Very little study has been made about the islet itself. The Ordnance Survey Name Books of 1836 describe Doonanpatrick Island as "A small round island which appears above highwater", whereas today the islet is roughly triangular shaped, and very narrow, demonstrating a significant loss of land. The OS Name Books for the same year also record variations on the name as Dún an Patraic ('Patricks little fort') and Doonan Porick. Griffith’s Valuation (1847-1864) records that Capt. Thos. Meredyth was the only occupier and legal owner of Doonanpatrick island.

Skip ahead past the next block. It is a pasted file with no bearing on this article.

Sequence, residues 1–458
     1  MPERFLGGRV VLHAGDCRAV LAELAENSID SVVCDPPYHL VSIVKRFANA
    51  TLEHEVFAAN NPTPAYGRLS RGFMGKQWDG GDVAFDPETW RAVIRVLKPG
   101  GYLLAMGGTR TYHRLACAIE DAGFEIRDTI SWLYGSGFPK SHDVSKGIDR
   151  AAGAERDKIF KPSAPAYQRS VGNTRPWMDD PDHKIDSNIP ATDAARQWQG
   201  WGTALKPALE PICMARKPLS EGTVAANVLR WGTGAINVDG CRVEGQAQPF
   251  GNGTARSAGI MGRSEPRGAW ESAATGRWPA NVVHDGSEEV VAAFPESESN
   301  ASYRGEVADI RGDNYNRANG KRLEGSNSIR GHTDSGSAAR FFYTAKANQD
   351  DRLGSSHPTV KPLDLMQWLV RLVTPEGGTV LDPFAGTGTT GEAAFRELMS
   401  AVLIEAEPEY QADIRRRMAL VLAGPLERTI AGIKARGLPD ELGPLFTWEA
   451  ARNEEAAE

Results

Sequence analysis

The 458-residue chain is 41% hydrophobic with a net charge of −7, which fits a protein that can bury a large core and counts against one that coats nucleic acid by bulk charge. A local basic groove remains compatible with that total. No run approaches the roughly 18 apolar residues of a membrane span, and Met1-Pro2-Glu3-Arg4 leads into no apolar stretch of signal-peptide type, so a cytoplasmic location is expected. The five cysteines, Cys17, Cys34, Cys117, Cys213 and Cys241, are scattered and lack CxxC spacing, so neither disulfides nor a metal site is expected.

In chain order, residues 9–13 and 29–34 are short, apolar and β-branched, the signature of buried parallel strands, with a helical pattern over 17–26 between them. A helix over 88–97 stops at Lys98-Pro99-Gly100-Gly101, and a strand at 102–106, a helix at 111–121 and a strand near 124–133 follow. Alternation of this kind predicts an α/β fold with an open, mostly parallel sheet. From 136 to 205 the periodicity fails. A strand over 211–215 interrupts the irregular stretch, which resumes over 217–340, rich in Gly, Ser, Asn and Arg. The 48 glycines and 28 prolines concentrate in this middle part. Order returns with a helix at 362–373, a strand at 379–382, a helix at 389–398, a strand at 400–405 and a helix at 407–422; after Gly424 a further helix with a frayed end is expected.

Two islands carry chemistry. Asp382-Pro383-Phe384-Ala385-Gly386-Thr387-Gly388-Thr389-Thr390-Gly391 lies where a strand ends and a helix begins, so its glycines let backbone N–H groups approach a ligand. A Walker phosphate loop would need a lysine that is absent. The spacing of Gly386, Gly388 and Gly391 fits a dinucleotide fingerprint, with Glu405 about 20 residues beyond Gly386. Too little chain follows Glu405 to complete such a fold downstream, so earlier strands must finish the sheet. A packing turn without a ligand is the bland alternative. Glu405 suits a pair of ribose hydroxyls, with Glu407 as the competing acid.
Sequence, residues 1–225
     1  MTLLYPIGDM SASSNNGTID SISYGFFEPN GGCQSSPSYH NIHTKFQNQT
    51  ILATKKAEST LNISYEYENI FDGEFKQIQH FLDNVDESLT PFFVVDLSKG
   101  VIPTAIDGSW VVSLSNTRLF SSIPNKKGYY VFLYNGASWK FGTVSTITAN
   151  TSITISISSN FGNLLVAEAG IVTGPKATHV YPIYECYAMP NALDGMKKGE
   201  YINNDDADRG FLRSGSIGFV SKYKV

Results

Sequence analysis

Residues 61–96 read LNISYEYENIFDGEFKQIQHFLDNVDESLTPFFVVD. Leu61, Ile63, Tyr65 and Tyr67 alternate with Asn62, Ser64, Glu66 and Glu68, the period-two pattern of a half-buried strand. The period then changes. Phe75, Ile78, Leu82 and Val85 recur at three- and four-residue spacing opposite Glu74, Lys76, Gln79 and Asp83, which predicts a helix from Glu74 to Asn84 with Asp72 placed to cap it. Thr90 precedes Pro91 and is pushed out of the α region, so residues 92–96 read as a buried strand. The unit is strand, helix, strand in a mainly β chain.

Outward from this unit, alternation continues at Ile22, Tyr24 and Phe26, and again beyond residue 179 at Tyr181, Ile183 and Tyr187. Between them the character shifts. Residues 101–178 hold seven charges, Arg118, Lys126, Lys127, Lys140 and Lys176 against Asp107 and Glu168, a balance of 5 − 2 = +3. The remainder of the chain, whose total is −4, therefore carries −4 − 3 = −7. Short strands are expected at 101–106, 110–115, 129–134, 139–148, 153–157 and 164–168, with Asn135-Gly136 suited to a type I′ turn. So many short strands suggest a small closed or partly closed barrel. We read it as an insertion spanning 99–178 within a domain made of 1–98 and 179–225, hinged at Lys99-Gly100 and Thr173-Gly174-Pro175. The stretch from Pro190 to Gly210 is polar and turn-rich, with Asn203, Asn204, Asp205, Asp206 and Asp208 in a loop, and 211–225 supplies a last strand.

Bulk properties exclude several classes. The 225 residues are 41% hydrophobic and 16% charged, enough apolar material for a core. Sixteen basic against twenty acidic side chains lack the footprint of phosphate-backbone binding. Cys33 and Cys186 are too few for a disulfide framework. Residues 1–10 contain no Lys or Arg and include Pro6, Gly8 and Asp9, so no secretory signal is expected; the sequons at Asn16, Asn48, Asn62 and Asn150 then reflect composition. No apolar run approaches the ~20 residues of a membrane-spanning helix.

An examination of the historic mapping and the latest remotely sensed photography demonstrates how the islet has changed over the last 200 hundred years (Fig. 4). On the Cassini 6-inch map, Doonanpatrick is a NNE-SSW oriented small oval islet (30m x 20m and about 0.06 hectares in area), encircled by 15 boulders. On the Historic 6-inch map (1829-41), the shape of Doonnpatrick is rounded, measuring 50m x 30m and contains a Trigonometrical Point just west of its centre. It’s also recorded as being 1 rood and 10 perches in size, however using the Historic Environment Viewer measuring tool it is calculated as 0.14 hectares). The 6-inch map also gives details on the tidal inlets, which run along the western and southern edge of Doonanpatrick, hinting at the effects - and location - of erosion on the islet which has mostly impacted the western and southern edges. Also present is an east-west aligned oval patch of elevated land to the west of the islet, which today contains only large limestone boulders, but has been captured on recent aerial photographs as an area of green seaweed or possibly grass. On the Historic 25-inch map (1897-1913), Doonnpatrick is angular, measuring 40m x 20m, defined by the High Water Mark (HWM) and encircled by many boulders which also lie within 10m of the HWM. Inaccuracies and changing standards in mapping may account for the varied measurements made by the early OS surveyors, as may the inevitable changes to the morphology of the islet, caused by erosion. The satellite imagery from Bing Maps (supplied by Digital Globe) is very clear and illustrates the most obvious changes to the islet are its orientation (presently N-S) and denuded size.